•     The mast will go up, with its cache of cameras; weather and radiation monitoring instruments are turned on; laser-camera combination that can destroy rocks up to 23 feet away and take readings of the ‘excited’ gases released.
  •     By day 10 all 10 instruments will have started working;  Curiosity will take its first steps.
  •     By day 30 the seven-foot robotic arm will be tested by grabbing Martian soil for the first time to crush and deliver to the two rover mini-laboratories — Sample Analysis at Mars (SAM) and Chemistry and Mineralogy (CheMin).

Curiosity : largest piece of instrument on Mars

  •    This is the largest piece of instrument landed by scientists on Mars. The Curiosity is car-sized and much bigger than its predecessors  Spirit, Opportunity and Sojourner. Curiosity is twice as long and four times as heavy as Spirit which landed in 2004. Sojourner landed in 1997 as part of the Mars Pathfinder mission and was about the size of a microwave oven.
  •     Curiosity landed near the middle of Gale Crater. The landing system was like a sky crane heavy-lift helicopter. After a parachute (the size of a 16 storey building) slowed the rover’s descent towards Mars, a rocket-powered backpack lowered the rover during the final moments before landing instead of the airbag landing systems of previous Mars rovers.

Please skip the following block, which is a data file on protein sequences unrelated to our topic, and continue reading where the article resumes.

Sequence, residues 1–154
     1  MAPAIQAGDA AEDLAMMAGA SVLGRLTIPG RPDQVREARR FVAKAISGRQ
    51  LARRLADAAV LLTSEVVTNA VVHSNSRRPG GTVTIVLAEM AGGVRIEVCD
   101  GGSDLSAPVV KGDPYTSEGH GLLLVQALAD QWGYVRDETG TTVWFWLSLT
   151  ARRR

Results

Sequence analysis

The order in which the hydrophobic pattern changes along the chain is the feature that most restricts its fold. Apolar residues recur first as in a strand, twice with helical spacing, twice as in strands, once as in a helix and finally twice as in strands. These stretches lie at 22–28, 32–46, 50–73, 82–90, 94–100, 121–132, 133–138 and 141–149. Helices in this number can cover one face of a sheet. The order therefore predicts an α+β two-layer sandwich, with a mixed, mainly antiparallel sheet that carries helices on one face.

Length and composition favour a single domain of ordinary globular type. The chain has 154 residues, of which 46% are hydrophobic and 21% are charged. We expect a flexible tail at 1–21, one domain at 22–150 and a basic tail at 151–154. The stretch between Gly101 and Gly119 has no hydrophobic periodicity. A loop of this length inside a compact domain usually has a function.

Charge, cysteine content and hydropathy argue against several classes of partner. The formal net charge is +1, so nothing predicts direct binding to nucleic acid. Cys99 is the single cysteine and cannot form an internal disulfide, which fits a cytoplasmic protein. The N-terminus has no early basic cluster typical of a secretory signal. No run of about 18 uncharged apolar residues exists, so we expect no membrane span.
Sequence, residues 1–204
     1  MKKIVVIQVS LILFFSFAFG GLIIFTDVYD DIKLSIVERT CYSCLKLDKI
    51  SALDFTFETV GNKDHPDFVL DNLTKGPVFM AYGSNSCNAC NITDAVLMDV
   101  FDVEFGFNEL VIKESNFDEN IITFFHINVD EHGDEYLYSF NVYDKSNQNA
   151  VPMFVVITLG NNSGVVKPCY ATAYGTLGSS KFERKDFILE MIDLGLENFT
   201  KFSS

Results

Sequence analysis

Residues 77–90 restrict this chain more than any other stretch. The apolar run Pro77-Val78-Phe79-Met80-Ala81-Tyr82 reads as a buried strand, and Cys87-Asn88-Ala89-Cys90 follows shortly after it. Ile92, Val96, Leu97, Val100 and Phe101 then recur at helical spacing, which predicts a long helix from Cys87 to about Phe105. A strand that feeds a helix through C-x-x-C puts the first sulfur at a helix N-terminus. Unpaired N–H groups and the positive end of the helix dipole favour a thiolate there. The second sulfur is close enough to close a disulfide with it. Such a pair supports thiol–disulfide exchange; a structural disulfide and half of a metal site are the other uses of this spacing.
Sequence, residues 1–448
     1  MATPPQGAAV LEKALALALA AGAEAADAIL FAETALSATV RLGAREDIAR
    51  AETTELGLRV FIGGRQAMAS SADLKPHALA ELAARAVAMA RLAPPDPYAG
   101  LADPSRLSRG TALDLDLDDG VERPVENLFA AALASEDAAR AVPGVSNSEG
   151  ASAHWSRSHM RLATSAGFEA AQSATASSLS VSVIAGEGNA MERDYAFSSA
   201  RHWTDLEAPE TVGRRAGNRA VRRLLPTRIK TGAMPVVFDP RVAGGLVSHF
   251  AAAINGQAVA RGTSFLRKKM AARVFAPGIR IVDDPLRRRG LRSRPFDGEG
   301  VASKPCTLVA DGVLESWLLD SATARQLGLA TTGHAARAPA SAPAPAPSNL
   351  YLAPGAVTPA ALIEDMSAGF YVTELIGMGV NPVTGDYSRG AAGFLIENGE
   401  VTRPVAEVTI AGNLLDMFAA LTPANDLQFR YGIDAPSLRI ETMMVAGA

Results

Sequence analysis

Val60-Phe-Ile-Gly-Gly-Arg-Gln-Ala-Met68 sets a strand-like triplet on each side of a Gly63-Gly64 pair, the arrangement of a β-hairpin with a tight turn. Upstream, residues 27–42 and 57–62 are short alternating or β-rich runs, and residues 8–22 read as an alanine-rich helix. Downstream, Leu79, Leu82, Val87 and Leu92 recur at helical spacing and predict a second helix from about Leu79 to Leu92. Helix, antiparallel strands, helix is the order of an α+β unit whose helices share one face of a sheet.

•     Curiosity carries 10 scientific instruments to examine rocks, soil and the atmosphere. A laser will vaporise patches of rock from a distance, and another instrument will search for organic compounds. Other instruments include mast-mounted cameras to study targets from a distance, arm-mounted instruments to study targets they touch, and deck-mounted analytical instruments to determine the composition of rock and soil samples acquired with a powdering drill and a scoop.
  •      Curiosity has six wheels. Each of the wheels has an independent motor. The two front and two rear wheels have individual steering motors. This steering allows the rover to turn 360-degrees at the same place as if turning on a pivot.  The wheel diameter is double the wheel diameter on Spirit and Opportunity, which will help Curiosity surmount obstacles as high as 30 inches.
  •     Curiosity is nuclear battery enabled to operate farther from the equator without depending on solar power.

Courtesy: http:www.nasa.gov